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A former pro-democracy activist and protest leader has been initially sentenced to 6 years in prison for an array of charges, including royal defamation, over a speech he gave during a protest in November 2020. The sentence was reduced to 3 years without parole. He has previously been convicted on 2 other royal defamation charges.

Shinawat Chankrajang was previously charged with royal defamation, assembly of more than 10 people, not dispersing when ordered to do so by an official, violating the Emergency Decree, blocking a public road, and unauthorized use of a sound amplifier. The charges stemmed from his speech during a protest at the Siam Commercial Bank’s head office on 25 November 2020, according to Thai Lawyers for Human Rights (TLHR).

The court ruled that Shinawat was guilty as charged. He was sentenced to 4 years in prison for violating the royal defamation law and 2 years for assembly of more than 10 people and not dispersing when ordered by an official. In addition, he was fined 10,000 baht for violating the Emergency Decree, 2,000 baht for blocking a public road and 200 baht for unauthorized use of a sound amplifier. However, due to his guilty plea, the activist was handed a reduced sentence of 3 years in prison without parole and fined 6,100 baht. His lawyer filed a bail request of 150,000 baht as security. It takes a few days for the court to decide. During this time, he is detained in the Bangkok Remand Prison.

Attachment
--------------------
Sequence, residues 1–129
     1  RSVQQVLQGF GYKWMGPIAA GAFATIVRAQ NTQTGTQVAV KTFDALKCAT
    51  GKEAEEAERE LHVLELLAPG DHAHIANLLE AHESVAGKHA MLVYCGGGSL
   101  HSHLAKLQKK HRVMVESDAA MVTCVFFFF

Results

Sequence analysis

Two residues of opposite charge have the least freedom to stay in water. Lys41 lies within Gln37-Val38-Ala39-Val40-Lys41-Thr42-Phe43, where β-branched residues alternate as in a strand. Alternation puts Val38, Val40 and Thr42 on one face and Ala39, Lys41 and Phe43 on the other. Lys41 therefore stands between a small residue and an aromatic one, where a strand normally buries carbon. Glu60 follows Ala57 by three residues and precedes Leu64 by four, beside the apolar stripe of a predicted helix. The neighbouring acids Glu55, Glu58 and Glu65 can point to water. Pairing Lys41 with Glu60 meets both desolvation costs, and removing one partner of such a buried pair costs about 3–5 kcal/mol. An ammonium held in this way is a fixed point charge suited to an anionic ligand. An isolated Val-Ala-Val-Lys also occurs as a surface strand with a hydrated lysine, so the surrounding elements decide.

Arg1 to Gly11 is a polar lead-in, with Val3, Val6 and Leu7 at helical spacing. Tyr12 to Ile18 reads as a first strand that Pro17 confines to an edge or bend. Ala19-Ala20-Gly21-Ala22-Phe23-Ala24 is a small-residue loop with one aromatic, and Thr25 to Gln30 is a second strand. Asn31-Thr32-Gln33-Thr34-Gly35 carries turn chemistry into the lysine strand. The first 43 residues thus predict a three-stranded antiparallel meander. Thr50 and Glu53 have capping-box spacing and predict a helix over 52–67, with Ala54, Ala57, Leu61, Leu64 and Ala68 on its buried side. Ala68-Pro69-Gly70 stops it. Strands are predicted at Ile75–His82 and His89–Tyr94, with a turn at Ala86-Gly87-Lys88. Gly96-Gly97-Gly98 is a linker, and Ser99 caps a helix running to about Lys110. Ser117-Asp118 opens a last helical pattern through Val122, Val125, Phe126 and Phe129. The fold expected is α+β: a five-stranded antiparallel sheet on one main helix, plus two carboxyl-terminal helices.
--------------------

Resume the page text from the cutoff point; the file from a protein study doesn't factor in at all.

This charge is one of 3 royal defamation charges he has faced, which have reached the final verdicts. He pleaded guilty in all 3 cases. Shinawat was given a 1 year and 6 months suspended sentence for his protest speech on 28 July 2022 and was sentenced to 3 years in prison and fined 11,100 baht for a speech during a protest on 2 December 2020.

The TLHR reported that 7 other activists faced the same charges over the same event. During the trial in January, Shinawat reversed his plea to guilty. His case was then separated from the others. The court decided to indict them earlier this month.

According to the indictment, the purposes of the protest in question were to demand the revocation of the King’s ownership of property, which should belong to the nation, and to call for the resignation of the former PM Gen Prayut Chan-o-cha. The protesters were reported to accuse the monarchy of interfering in the government and using taxpayers’ money to carry out personal ceremonies and business activities.

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